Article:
The seven-year Notes were priced with a coupon of 2.2% and the 10-year Notes were priced with a coupon of 2.65% .

Pretty easy to get a good return these days. Haha.



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"Every long-term security is nothing more than a claim on some expected future stream of cash that will be delivered into the hands of investors over time. For a given stream of expected future cash payments, the higher the price investors pay today for that stream of cash, the lower the long-term return they will achieve on their investment over time." - Dr John Hussman

"If I had even the slightest grasp upon my own faculties, I would not make essays, I would make decisions." ― Michel de Montaigne
 

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mullokintyre
post Posted: Aug 12 2019, 10:25 PM
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In Reply To: nipper's post @ Aug 12 2019, 09:16 PM

As both the missus and myself are in pension phase in our SMSF, we don't pay tax of any kind.
Seems a bit ridiculous, maybe even unfair, but there it is.
My accountant pointed me to this URL Capital Gains Tax
Buying and selling like there is no tomorrow.


Mick



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nipper
post Posted: Aug 12 2019, 09:20 PM
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In Reply To: nipper's post @ Aug 12 2019, 09:16 PM

There's a lot of shouting from the rooftops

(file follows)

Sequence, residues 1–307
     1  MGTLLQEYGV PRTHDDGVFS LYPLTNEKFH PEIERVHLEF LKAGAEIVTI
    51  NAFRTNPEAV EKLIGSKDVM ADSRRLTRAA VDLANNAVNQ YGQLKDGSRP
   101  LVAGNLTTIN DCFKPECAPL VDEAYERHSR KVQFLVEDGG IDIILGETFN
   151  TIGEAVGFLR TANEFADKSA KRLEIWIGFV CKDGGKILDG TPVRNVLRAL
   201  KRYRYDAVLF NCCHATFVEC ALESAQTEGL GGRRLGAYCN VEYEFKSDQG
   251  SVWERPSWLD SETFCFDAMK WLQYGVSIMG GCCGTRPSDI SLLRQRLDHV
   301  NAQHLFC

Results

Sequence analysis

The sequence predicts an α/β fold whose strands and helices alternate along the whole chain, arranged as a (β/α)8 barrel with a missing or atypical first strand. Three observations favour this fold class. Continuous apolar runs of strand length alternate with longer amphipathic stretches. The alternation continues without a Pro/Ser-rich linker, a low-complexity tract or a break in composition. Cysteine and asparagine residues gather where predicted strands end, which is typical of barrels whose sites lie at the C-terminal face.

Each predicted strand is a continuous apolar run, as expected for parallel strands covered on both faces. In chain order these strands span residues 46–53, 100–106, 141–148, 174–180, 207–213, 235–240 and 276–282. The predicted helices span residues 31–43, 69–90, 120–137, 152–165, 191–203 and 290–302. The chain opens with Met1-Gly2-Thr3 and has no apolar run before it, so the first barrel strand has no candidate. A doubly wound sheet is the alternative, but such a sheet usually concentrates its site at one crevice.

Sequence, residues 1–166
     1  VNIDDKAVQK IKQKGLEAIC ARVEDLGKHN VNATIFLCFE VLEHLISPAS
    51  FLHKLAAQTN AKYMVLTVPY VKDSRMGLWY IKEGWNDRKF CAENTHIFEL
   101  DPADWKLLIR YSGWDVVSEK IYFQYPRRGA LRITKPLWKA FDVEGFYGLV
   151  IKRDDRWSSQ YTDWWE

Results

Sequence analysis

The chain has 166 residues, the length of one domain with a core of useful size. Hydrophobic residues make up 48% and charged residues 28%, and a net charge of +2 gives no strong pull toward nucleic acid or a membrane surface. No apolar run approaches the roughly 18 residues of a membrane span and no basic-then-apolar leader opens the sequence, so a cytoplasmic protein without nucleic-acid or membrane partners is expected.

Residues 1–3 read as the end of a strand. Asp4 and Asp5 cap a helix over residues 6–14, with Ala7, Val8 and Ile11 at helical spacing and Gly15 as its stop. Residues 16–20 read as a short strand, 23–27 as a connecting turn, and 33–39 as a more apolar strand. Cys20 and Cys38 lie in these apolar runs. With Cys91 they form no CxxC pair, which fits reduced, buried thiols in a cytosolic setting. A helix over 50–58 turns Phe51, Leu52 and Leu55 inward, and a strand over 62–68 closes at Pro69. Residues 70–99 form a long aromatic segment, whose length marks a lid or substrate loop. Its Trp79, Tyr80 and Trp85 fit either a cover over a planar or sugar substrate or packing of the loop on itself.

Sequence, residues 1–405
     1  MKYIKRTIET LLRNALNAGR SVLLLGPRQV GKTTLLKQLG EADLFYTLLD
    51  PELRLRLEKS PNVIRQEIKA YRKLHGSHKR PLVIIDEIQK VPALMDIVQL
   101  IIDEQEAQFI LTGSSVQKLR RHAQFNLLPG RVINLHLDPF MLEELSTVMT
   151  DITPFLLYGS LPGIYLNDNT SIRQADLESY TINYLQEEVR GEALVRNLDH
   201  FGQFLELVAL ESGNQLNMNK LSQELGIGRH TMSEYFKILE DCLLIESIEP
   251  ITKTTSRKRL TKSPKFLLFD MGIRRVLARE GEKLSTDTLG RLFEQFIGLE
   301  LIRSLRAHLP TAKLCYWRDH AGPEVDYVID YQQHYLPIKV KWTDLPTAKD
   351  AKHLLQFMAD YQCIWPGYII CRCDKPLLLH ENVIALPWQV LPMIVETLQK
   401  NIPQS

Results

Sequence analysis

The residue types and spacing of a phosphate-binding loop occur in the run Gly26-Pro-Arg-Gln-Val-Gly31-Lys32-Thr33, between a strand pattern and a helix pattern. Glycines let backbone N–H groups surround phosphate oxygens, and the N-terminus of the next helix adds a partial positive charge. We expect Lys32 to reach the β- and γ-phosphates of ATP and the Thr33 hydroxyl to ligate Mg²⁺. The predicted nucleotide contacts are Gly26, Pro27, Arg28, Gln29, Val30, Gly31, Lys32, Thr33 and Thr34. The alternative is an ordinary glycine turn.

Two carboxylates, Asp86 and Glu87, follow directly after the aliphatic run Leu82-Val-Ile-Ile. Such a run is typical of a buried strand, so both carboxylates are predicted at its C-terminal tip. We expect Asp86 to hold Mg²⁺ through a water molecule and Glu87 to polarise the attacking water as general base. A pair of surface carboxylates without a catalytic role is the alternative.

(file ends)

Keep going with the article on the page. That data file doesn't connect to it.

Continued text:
QUOTE
Brace yourself for a global downturn and stock market crash

You cannot solve the problems of debt with more debt. And central bankers, well-meaning and desperate as they might be to offset the damage caused by an erratic US president, can’t create real growth; they can only move money around. At some point, the markets and the real economy must converge.

https://www.afr.com/markets/equity-markets/...20190812-p52g4o
..... or
QUOTE
In the Alice in Wonderland world of relative return and negative yielding bonds, a zero yield is very attractive.

I can’t believe I just wrote that, but I did.

For a long time global institutional managers have not entertained the prospect of buying gold because it has a zero yield.

It has no coupon and offers no dividend.

Today, a zero yield is ravishingly attractive, relatively speaking!
it might even go up



--------------------
"Every long-term security is nothing more than a claim on some expected future stream of cash that will be delivered into the hands of investors over time. For a given stream of expected future cash payments, the higher the price investors pay today for that stream of cash, the lower the long-term return they will achieve on their investment over time." - Dr John Hussman

"If I had even the slightest grasp upon my own faculties, I would not make essays, I would make decisions." ― Michel de Montaigne
 
nipper
post Posted: Aug 12 2019, 09:16 PM
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In Reply To: mullokintyre's post @ Aug 12 2019, 09:10 PM

So, Mick, you sold some, triggering CG. And then back in.

(and I picked up some PMGOLD and GDX today. Couldn't work out which was better, so I went in for both. )



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"Every long-term security is nothing more than a claim on some expected future stream of cash that will be delivered into the hands of investors over time. For a given stream of expected future cash payments, the higher the price investors pay today for that stream of cash, the lower the long-term return they will achieve on their investment over time." - Dr John Hussman

"If I had even the slightest grasp upon my own faculties, I would not make essays, I would make decisions." ― Michel de Montaigne
 
mullokintyre
post Posted: Aug 12 2019, 09:10 PM
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In Reply To: nipper's post @ Aug 12 2019, 07:47 PM

QUOTE
so, what're you going to do?


Buy more gold.
Mick



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sent from my Olivetti Typewriter.